As we face a new year, some of the issues churches will likely need to address haven’t changed. On the other hand, we seldom address these issues unless we’re reminded to consider them. Here are some of those issues I’m seeing:
What is the relationship between social justice, social ministry and the Great Commission? Evangelicals don’t even define the terms the same way, but we’re debating their priorities again. We need to talk with each other rather than about each other regarding these matters.
How will our budgets change (if at all) if pastors lose their current housing allowance benefit? This discussion has been on the table for several years now, and it is still in debate. The benefit is not an insignificant one, however, and its potential loss would affect pastors.
How will we minister to those struggling with same-sex attraction while maintaining a biblical commitment to sexuality and marriage? Speaking truth without a willingness to love and minister to those with whom we disagree is insufficient.
Do we have any responsibility toward the thousands of churches that will close their doors in 2019? If 6000-10,000 churches may close this next year, surely we have some role in helping them find new life.
How will we deal with illegal immigrants who attend our churches? All of these issues are complicated ones, and this one is wrought with political tensions, too – but we cannot ignore it.
Do we genuinely believe in the possibility of church revitalization? It’s hard to think about some churches ever changing, but hopelessness should not be a mark of our faith. I’m grateful for groups like Revitalize Network and Church Answers that are leading the way in this arena.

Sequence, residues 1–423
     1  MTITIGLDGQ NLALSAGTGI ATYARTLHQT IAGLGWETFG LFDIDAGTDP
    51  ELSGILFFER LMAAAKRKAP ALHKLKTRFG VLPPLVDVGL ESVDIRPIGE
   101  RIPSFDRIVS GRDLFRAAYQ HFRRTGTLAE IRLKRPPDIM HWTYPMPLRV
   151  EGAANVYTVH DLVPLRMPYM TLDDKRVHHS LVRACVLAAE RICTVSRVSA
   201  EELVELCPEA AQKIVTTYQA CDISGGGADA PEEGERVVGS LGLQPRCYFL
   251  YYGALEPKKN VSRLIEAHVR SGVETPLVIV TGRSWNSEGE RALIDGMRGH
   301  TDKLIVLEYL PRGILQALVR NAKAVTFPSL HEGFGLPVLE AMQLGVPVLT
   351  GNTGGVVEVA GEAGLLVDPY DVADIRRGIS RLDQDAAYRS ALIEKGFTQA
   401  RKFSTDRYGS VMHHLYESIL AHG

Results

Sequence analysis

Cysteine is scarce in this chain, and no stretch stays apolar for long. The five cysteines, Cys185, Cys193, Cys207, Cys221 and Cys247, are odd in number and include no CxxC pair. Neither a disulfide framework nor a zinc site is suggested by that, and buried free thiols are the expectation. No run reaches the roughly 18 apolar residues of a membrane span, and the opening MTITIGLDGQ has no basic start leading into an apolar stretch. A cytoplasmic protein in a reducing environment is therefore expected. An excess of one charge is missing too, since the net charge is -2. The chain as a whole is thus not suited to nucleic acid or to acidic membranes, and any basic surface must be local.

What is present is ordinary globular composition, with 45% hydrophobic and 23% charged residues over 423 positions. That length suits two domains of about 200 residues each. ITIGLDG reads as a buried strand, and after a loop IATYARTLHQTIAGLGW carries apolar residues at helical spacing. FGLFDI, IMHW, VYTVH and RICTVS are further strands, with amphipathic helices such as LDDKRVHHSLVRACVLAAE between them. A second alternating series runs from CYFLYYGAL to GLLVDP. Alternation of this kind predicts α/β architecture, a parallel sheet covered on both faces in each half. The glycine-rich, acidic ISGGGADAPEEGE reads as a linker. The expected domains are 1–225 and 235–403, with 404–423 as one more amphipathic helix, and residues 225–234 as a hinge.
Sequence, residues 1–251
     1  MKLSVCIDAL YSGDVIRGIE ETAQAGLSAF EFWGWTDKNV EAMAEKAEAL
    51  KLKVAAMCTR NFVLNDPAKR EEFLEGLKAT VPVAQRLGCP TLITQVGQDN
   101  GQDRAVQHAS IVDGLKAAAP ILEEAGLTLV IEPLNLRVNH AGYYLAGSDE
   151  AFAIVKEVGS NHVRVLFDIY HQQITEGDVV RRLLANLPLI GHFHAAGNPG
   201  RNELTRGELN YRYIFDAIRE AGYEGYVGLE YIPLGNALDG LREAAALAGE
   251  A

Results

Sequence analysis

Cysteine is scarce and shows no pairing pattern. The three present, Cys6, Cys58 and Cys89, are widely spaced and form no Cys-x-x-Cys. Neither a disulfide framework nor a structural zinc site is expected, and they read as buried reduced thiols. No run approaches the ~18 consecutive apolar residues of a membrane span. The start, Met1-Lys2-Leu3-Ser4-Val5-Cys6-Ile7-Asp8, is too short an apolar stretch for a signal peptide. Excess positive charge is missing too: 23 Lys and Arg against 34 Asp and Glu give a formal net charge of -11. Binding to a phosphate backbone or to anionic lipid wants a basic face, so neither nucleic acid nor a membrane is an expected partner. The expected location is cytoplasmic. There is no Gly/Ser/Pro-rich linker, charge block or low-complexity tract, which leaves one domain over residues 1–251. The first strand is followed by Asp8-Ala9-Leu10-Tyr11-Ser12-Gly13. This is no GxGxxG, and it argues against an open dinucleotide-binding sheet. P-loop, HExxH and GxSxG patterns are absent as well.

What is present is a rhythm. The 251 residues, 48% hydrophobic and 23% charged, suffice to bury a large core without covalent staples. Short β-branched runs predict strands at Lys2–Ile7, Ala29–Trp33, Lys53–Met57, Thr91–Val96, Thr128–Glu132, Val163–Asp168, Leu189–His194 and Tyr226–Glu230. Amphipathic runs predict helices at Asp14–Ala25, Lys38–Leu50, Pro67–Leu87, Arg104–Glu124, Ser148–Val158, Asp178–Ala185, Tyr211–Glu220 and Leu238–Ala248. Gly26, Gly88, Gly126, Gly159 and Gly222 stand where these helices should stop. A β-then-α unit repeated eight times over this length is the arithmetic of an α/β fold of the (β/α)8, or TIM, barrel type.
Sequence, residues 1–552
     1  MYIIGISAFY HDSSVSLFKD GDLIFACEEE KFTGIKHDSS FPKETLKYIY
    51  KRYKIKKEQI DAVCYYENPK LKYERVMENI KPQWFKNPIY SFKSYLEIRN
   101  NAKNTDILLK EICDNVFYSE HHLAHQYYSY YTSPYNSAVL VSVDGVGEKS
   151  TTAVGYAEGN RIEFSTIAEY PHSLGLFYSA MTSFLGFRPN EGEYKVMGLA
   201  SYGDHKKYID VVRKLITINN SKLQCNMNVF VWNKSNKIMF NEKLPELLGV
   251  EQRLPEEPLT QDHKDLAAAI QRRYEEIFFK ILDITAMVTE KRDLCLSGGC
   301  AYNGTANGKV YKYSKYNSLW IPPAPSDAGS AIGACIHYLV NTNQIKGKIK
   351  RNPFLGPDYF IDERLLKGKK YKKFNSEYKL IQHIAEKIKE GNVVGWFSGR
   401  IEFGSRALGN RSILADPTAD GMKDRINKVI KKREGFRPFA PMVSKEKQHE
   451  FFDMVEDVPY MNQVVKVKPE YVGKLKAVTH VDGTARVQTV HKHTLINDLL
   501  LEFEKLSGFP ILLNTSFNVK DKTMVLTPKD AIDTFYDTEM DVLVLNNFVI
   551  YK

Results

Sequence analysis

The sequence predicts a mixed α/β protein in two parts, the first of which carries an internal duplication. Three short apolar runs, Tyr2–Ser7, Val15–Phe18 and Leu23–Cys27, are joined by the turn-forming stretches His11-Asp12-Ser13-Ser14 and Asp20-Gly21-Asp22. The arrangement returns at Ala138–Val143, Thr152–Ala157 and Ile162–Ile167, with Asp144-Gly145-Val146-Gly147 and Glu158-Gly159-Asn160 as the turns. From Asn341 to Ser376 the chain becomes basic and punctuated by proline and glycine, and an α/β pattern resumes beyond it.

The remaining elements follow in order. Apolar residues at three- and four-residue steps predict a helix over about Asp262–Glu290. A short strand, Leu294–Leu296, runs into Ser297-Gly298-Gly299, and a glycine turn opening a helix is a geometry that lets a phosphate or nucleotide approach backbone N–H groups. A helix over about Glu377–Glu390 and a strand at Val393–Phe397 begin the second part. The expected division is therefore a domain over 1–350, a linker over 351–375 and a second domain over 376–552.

Are we willing to affirm the role and calling of bivocational pastors? Not everybody affirms my thoughts on this subject, but I’m convinced we won’t reach North America or the world without affirming and promoting this calling.
Do we really care about the Great Commission? We’re beginning to see churches that recognize they need help in evangelizing their neighbors and reaching the nations, but the depth of their burden remains to be seen.
How will we reach generations raised on the Internet (and sometimes, seemingly by the Internet)? The Internet has dramatically changed the world of education, and churches must operate in that changing world, too – without losing who we are in the process.
What other questions/discussions would you add to this list?
(EDITOR’S NOTE – Chuck Lawless is Dean of Doctoral Studies and Vice-President of Spiritual Formation and Ministry Centers at Southeastern Seminary in Wake Forest, NC, where he also serves as Professor of Evangelism and Missions. In addition, he is team leader for Theological Education Strategists for the International Mission Board of the Southern Baptist Convention.)